A History of the South Yorkshire Countryside (Kindle)
South Yorkshire has some of the most varied countryside in England, ranging from the Pennine moors and the wooded hills and valleys in the west to the estate villages on the magnesian limestone escarpment and the lowlands in the east. Each of these different landscapes has been shaped by human activities over the centuries. This book tells the story of how the present landscape was created. It looks at buildings, fields, woods and moorland, navigable rivers and industrial remains, and the intriguing place-names that are associated with them.
During my career as a local historian I have been lucky enough to meet some of the best writers and researchers of my time. That list includes David Hey, whose books helped in part, to setting me on my way to being a writer myself. The first title I bought was ‘Yorkshire – From AD 1000’, a weighty and highly detailed account of a thousand years of history across a huge area. Since then, further titles (amongst many) have centred nearer to home, with a History of Penistone and A History of the Peak District Moors (both Pen & Sword) and both excellent read’s. I was delighted when news that a further title concentrating on the South Yorkshire countryside was to be published.Chris Heath, author
David Hey never disappoints and so it is that we embark on a tour of rural South Yorkshire by beginning with an examination of its oldest churches. I’m always particularly keen when an author touches on subjects that I write about and so I find details of Roche Abbey, Monk Bretton Priory, High Hoyland and Laughton En Le Morthern churches. Gunthwaite Barn and the Spencer family of Canon Hall and the Micklethwaite family of Ingbirchworth are also here. But there is so much more! Langsett, Thurlstone and Midhope farms, Tickhill, Tankersley Park, the Dearne and Dove canal, Rockley and Worsborough Hall’s, Catcliffe Glasshouse, Nonconformist chapels, coal mining, Wentworth and Elsecar alongside much more. The book is well illustrated with plenty of old maps, plans and old photographs and the section on the Wentworth family and Wentworth Castle is excellent.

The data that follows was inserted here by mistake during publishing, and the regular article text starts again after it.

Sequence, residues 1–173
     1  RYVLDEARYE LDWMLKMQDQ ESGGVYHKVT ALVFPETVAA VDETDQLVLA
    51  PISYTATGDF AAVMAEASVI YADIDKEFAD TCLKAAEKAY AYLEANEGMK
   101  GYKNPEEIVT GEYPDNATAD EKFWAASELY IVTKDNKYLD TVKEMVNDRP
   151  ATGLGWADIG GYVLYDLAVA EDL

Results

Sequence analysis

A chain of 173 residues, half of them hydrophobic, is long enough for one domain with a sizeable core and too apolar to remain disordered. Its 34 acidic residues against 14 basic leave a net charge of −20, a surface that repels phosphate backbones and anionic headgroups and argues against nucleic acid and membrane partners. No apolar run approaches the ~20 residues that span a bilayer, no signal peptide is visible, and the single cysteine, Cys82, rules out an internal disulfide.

This is a fabulous introduction to those who are either long time residents or those who are unfamiliar with the area, an area whose countryside is gradually and quite rightly begun to be appreciated for its outstanding natural beauty. This book explains why and how the hand of the human has helped to shape and create what we can see today. The book is also a highly interesting read and a useful research tool for those who want to take their knowledge of rural South Yorkshire further. I read this in one sitting and enjoyed it very much – you will do the same! Come on David – keep em coming!!